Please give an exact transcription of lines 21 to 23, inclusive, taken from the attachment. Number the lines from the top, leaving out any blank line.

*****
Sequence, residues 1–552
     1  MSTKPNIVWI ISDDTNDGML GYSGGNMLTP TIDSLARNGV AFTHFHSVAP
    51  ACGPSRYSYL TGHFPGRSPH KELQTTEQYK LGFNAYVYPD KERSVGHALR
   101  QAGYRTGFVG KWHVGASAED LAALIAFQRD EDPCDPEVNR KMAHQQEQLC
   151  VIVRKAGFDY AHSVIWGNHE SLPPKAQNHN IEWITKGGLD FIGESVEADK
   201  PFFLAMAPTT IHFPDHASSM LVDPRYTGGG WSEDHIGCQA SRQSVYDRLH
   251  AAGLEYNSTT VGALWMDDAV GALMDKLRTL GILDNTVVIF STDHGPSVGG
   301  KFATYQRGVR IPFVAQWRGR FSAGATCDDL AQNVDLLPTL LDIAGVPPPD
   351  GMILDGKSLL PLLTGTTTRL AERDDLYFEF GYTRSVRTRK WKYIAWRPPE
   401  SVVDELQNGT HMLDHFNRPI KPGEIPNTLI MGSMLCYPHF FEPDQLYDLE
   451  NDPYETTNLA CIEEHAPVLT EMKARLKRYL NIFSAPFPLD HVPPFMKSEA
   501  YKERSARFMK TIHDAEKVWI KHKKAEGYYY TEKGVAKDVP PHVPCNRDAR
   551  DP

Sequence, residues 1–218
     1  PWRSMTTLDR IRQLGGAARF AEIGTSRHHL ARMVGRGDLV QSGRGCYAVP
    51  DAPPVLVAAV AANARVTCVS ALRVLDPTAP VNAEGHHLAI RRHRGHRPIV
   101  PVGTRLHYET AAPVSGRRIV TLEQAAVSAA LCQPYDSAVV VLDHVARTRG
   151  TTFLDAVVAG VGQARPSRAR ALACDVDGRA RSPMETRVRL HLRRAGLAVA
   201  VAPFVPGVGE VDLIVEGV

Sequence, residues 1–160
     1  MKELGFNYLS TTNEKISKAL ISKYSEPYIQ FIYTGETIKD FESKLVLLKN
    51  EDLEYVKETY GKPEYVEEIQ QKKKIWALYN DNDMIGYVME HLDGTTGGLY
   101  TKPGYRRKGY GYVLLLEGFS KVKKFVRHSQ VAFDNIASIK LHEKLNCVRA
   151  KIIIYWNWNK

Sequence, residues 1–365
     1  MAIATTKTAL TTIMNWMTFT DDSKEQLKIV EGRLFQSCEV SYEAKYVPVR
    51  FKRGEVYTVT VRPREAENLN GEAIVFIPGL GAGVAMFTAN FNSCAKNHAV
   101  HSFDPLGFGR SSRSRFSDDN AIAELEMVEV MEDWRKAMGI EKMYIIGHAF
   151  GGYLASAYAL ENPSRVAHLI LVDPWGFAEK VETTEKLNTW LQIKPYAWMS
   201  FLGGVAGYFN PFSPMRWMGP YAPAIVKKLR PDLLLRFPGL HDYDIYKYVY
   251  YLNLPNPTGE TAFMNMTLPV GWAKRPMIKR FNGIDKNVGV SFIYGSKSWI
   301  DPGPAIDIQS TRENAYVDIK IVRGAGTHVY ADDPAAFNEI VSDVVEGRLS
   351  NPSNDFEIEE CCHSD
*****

     1  MKELGFNYLS TTNEKISKAL ISKYSEPYIQ FIYTGETIKD FESKLVLLKN
    51  EDLEYVKETY GKPEYVEEIQ QKKKIWALYN DNDMIGYVME HLDGTTGGLY
   101  TKPGYRRKGY GYVLLLEGFS KVKKFVRHSQ VAFDNIASIK LHEKLNCVRA